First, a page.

If you took the diet pill Fen Phen during the 1990s and now suffer from heart valve leaks or other heart troubles, you may still be able to file a lawsuit and receive compensation for your injuries. The symptoms of Fen Phen injuries may not be diagnosed for several years after you took these diet pills.
What is the problem with Fen Phen?
Fen Phen is a diet pill that was very popular for a couple years in the mid-1990s. It contained a combination of two chemicals:
- Fenfluramine (“Fen”) — This drug made a person’s brain release serotonin, which made them feel full, satisfied, and less likely to eat. It also made people feel drowsy.
- Phentermine (“Phen”) — This drug is a mild stimulant.
Fenfluramine had been around for a while, but was never very successful because it made people feel drowsy. When it was combined with Phentermine, a mild stimulant, Fen Phen was born and the diet craze began in earnest. Doctors began prescribing Fen Phen “off-label” for quick, effective weight-loss.
The manufacturers began pushing a second diet pill on the U.S. market: Redux. Redux was another diet pill that contained a derivative of fenfluramine, called dexfenfluramine. Though a safety study in Europe had recently linked fenfluramine and its derivatives to Pulmonary Arterial Hypertension (PAH), a permanent and life-threatening damage to blood vessels in the lungs, Redux manufacturers pushed for Redux to be approved.
In 1996, the U.S. Food and Drug Administration (FDA) approved Redux. The diet pill craze exploded. The drug-company selling Redux and Fen Phen spent $52 million on advertising campaign that included articles in popular women’s magazines. Almost overnight, doctors were prescribing the pills to millions of people. In 1996, sales were $300 million, and more than 18 million prescriptions were filled.
The success would not last long.
Doctors were suddenly seeing cases of unusual heart valve leaks, and damage to blood vessels. Even people who had only been taking the pills for a few weeks had evidence of damage to their heart valves. The FDA received 75 reports of Fen Phen induced injuries. On September 15, 1997, the FDA ordered Fen Phen, Pondimin, and Redux taken on the shelves in the U.S. and banned their sale.
What is a heart valve leak?
When blood pumps through a normal heart, it passes through four chambers. The valves between these chambers act like one-way doors to keep blood moving in the same direction. Sometimes, heart valves can become damaged. There is conclusive evidence linking Fen Phen to heart valve leaks and damage — even for people who only took the pills for a few weeks.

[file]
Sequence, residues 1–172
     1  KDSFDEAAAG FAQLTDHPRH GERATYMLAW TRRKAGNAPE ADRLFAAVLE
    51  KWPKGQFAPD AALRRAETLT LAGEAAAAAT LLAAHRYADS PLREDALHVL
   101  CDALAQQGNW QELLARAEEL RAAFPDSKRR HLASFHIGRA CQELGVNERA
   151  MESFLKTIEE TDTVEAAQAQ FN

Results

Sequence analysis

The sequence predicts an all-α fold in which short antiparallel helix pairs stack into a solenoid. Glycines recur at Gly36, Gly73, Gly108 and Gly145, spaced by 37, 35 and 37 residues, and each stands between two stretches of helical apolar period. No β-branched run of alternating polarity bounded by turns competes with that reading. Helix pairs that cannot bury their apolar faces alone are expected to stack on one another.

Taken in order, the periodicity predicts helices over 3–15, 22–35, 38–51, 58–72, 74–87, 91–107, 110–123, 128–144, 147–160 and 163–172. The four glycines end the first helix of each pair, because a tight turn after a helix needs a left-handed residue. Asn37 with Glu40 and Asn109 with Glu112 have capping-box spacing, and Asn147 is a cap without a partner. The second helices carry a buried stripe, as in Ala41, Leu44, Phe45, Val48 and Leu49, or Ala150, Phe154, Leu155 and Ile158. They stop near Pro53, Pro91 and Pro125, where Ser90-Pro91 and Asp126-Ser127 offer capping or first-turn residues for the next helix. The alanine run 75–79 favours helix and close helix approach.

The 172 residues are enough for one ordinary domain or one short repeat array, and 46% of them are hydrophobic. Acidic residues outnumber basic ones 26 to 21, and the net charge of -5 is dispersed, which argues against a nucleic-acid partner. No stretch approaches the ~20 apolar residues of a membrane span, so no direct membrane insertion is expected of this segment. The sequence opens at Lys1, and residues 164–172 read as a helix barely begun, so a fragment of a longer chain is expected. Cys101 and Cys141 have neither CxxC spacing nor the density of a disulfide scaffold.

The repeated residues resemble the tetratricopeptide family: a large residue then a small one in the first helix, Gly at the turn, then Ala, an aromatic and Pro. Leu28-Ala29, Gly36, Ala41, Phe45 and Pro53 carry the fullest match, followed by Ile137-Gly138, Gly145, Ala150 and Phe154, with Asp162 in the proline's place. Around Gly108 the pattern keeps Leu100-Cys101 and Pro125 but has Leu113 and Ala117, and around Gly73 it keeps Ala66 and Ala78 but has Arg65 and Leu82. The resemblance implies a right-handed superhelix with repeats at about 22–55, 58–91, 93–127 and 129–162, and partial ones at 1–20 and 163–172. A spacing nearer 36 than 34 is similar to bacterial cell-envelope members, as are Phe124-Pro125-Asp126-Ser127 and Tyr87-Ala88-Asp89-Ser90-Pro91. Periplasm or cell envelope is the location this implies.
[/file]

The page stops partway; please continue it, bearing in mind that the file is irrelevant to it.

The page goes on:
There are four valves in the heart:
- Tricuspid valve
- Pulmonary valve
- Mitral valve
- Aortic valve
A normal valve consists of three “flaps” (except the mitral valve, which has two). When these flaps become damaged, blood may leak backward through the heart. This is called valve regurgitation. If only a small amount of blood is moving backward, a person may show no symptoms. In severe cases, the amount of backward-flowing blood can impair the forward-flow of blood, and cause serious symptoms that can lead to death if they go undiagnosed or untreated. Serious complications of heart valve leaks include congestive heart failure and death.
Symptoms of Heart Valve Leaks
These symptoms may be precursors to a far more serious, life-threatening side effect. If you have any of these symptoms, go to an emergency doctor immediately.
- Shortness of breath, especially during activity, but maybe also when you are resting
- Chest pain
- Easy fatigue
- Rapid heart rate
- Heart flutter, palpitations
Often times, heart valve leaks are symptomless for a long time and are not diagnosed until many years after the patient was injured, even when the heart valve leaks are moderate or severe.
Heart Valve Leaks and Congestive Heart Failure
Over time, as you can probably imagine, the heart must work extra hard to pump blood to your body through the defective heart valve. If you are healthy, the heart may be able to accomplish this task for a while, and you may not notice any symptoms. But over time, serious problems can develop.
Congestive heart failure occurs when the heart muscle is working too hard. The pumping muscle thickens, making the heart grow larger. Over time, this muscle can actually get too thick and stiff to pump effectively, and the heart may fail.
Injuries Linked to Fen Phen
- Primary Pulmonary Hypertension (PPH)
- Pulmonary Arterial Hypertension (PAH)
- Heart valve damage
- Leaky heart valve
- Irregular heartbeat
- Heart murmur
- Damage to blood vessels in the lungs
- Heart failure